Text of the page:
Josh Vincent ran the numbers using Philly’s new AVI data, and the land value tax comes out looking like an excellent tax relief option:
The following table demonstrates what would happen to all taxable parcels if, instead of a flat tax of 1.25%, the City shifted at least some tax burden from buildings to land values:
The new assessments may still be subject to revision, but the overall impact is clear. Shifting the property tax burden off of buildings and onto land would mean tax cuts for large majorities of residential, mixed-use, and multi-family properties.
This accomplishes all the things City Council members say they want to do and more.
It is a slight tax shift onto commercial properties, which everybody seems to want, and which is cleaner and less kludgy than Maria Quiñones-Sanchez’s plan to raise the Use & Occupancy Tax while arbitrarily exempting the first $2000.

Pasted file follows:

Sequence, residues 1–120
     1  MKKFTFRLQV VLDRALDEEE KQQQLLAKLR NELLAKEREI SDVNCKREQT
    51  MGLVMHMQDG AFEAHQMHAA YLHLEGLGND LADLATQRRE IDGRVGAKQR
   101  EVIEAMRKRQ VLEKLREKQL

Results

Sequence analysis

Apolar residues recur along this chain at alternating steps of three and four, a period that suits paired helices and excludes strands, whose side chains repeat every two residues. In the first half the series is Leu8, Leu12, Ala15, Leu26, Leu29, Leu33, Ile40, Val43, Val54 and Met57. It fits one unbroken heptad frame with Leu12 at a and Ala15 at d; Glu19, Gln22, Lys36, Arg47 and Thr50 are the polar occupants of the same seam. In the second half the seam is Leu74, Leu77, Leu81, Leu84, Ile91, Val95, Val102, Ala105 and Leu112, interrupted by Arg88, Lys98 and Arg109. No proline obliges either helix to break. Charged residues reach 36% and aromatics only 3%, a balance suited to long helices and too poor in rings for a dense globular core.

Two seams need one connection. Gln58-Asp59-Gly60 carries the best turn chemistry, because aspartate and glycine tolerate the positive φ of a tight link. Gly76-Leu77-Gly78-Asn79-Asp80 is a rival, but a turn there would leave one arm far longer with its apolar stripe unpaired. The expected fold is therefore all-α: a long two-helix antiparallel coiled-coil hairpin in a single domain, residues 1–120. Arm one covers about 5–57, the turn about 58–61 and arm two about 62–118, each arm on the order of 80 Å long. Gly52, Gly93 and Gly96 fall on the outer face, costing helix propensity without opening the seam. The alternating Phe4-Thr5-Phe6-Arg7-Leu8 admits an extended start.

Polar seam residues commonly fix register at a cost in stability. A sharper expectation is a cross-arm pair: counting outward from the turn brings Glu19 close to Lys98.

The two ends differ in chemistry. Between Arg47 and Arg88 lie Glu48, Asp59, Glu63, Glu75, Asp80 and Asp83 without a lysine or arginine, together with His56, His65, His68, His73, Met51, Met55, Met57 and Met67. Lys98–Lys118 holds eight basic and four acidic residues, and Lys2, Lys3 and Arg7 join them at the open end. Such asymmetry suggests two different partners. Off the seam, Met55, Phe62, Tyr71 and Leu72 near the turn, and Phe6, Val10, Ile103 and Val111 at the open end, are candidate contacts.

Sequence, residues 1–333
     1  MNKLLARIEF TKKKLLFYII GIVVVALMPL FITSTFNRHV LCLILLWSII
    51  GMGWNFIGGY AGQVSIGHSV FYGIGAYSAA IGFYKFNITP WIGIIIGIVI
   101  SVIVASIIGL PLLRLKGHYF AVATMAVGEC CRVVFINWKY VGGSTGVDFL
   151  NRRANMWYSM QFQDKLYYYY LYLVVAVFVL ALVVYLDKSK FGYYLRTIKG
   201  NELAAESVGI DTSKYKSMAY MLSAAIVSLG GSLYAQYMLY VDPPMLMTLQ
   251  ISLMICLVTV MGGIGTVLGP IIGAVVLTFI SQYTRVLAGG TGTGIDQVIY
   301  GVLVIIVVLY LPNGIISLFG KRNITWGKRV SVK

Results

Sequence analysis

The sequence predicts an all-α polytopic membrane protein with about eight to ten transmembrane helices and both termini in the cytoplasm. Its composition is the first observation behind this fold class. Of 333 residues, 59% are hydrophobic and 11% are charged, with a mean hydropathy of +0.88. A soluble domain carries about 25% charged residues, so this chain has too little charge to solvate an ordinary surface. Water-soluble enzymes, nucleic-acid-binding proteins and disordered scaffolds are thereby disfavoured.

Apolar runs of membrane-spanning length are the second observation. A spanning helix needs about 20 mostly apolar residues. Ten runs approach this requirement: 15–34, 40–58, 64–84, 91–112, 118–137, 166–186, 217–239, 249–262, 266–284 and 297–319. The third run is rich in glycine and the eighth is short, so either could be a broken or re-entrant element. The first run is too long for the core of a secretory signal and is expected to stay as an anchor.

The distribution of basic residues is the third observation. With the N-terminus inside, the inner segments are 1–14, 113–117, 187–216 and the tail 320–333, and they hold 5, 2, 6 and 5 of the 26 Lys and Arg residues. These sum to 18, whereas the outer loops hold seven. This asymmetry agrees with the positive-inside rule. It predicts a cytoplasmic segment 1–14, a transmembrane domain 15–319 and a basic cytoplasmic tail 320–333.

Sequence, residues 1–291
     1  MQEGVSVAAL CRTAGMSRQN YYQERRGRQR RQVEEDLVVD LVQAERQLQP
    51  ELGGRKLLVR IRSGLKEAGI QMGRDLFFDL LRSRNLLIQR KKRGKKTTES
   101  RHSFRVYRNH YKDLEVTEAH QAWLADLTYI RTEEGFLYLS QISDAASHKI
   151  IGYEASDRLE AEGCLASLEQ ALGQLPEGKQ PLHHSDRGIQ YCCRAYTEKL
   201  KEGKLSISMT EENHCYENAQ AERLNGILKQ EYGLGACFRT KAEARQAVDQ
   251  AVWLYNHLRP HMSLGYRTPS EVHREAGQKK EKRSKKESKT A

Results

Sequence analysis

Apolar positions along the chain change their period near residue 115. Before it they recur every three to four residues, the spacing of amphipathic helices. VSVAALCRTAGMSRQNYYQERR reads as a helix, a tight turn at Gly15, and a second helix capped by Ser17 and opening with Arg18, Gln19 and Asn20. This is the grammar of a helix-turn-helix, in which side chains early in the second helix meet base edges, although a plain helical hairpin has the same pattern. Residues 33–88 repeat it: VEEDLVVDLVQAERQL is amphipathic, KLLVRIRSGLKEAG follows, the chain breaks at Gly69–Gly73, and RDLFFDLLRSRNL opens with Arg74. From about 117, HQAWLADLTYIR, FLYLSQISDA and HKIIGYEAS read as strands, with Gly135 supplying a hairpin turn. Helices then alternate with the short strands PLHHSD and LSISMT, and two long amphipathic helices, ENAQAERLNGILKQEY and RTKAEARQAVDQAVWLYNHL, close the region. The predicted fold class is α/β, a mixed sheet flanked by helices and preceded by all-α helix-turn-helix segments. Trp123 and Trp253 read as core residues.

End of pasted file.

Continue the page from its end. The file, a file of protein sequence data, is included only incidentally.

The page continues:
It also helps spare a huge number of renters who reside in multi-family and mixed-use buildings. Many renters could be in for quite a hit next year under AVI, but so far nobody on City Council has a plan to do anything about it.
Crucially, unlike some of the other ideas being circulated it would not require the city to raise the millage rate on property to pay for tax relief. This should satisfy Bill Green’s concerns about the impact of a millage rate increase on new construction.
Combined with Kenyatta Johnson’s property tax deferral plan, the land value tax could ably serve as the tax relief plan. It’s right on the policy, and right on the politics. Many more voters would see their taxes drop than increase.